Thybulle’s recent return to the bench — still averaging 23.7 minutes a game — to make way for Toumani Camara may have even enhanced his performance. He currently ranks 19th in three point shooting at a remarkable 42.0 percent, 43.8 percent on 3.5 catch and shoot attempts a game and 50 percent from the corner.
He’s second in wing mid-range shooting at 64.4 percent, sitting behind only former Blazer Nassir Little. He’s third in attempts between 4 and 14 feet hitting 63.6 percent. Overall, he’s hitting 66.7 percent of his two point shots, good enough for third among wings.
Amazingly, Thybulle now ranks fifth in effective field goal percentage at 63.8 percent among wings, just behind the New Orleans Pelicans’ Trey Murphy III. He’s hitting a sterling 1.28 points per shot attempt, which currently ranks 10th among wings.
Opposing defenses are taking note and paying more attention to the Australian, stretching out the floor for Anfernee Simons, Shaedon Sharpe, Scoot Henderson and Jerami Grant. Thybulle also appears more comfortable putting the ball on the floor himself, frequently flying at the basket and finishing at the rim. His percentage at the basket has risen from 57 percent and 84th among wings with Philadelphia last season to 69 percent and 19th this season.
Thybulle continues to be the ultimate disrupter on defense. He’s averaging 1.5 steals and 0.8 blocks, ranking second and sixth among wings respectively. He also ranks equal second in deflections among all players at 3.5 a game in 24.0 minutes a game. A notable achievement considering the two guys he shares the average with are Nikola Jokic and Donovan Mitchell who play 33.5 and 35.6 minutes respectively.
Thybulle’s ability to pester opposing offenses is helped along by his seven foot wingspan and ridiculous defensive instincts that allow him to work effectively in the lanes. His defensive anticipation is sublime, able to pounce on errant passes. He’s also been a major reason for the Blazers’ rise from the horrible defensive teams of recent years to the middle of the pack this season.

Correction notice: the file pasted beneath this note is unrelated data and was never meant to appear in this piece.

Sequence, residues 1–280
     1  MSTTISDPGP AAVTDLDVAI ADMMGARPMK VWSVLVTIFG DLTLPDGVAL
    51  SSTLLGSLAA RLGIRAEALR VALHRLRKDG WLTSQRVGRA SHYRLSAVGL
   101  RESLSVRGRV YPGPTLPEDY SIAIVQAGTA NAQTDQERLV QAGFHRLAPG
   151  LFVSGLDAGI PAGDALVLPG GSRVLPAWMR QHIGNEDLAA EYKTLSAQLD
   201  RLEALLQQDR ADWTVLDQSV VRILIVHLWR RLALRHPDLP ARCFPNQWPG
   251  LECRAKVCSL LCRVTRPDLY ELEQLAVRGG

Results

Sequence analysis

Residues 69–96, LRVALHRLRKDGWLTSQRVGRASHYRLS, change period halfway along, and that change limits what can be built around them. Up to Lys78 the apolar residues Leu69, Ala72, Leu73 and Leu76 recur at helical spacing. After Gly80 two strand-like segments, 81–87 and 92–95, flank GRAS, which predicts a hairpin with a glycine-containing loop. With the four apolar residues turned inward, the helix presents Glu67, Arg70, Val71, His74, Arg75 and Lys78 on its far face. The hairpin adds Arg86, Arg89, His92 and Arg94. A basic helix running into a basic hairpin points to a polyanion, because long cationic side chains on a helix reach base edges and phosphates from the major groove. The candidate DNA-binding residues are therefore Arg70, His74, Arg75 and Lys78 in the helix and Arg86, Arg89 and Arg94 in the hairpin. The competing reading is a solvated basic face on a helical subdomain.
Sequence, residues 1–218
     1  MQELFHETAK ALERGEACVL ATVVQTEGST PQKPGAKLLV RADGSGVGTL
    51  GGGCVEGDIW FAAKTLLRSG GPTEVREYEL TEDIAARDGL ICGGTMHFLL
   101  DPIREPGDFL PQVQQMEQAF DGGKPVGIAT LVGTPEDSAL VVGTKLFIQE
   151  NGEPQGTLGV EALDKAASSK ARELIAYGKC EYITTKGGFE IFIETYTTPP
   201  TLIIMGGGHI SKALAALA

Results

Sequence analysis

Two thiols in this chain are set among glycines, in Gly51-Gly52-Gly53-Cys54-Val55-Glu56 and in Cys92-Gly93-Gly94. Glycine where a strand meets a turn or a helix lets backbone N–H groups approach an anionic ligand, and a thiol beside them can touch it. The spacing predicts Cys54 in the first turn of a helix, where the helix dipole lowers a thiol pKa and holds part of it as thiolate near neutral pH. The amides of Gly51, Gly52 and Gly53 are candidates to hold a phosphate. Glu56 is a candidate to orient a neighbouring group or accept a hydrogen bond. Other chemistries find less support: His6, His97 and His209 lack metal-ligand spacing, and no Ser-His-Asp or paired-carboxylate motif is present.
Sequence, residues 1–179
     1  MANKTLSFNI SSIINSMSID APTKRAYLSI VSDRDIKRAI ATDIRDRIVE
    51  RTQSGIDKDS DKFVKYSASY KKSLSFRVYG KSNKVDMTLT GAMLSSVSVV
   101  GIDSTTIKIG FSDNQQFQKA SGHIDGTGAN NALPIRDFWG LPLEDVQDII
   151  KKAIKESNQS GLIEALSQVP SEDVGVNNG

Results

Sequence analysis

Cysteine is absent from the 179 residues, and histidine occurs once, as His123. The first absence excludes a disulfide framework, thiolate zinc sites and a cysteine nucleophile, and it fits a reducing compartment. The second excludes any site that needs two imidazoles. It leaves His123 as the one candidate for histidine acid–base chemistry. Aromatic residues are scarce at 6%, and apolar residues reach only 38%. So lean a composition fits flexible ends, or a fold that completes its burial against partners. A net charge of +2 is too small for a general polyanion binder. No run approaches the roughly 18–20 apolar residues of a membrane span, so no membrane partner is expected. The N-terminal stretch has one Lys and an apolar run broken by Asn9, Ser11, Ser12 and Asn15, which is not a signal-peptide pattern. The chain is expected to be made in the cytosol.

Thybulle’s chances of adding a third All-Defensive nod this year are likely low given the Blazers losing record. His bench role might not be a huge factor considering he earned his 2020-21 honor starting only eight of 65 games in 20.0 minutes an outing.
I might be biased, given Thybulle’s national representation of my home country, but he’s secretly become the very definition of a catch and shoot, 3-and-D wing. For a guy on the margins with the 76ers, barely able to keep his three point percentage above 30 percent, to a sharpshooter hitting more than 40 percent, he’s come a long way.
The defense will always be there thanks to those ridiculous measurements and innate instincts. But if he’s able to maintain this level of shooting, Thybulle will well and truly outplay his current contract. At 26, he’s also young enough to be part of this next generation in Portland when they’re ready to genuinely compete in three or four years time.
This Blazers team is now strangely devoid of elite three point shooting after 11 years of Damian Lillard. Thybulle’s improved accuracy has helped keep the young Blazers competitive as they work through the kinks and prepare for the franchise’s next rise to the top of the standings.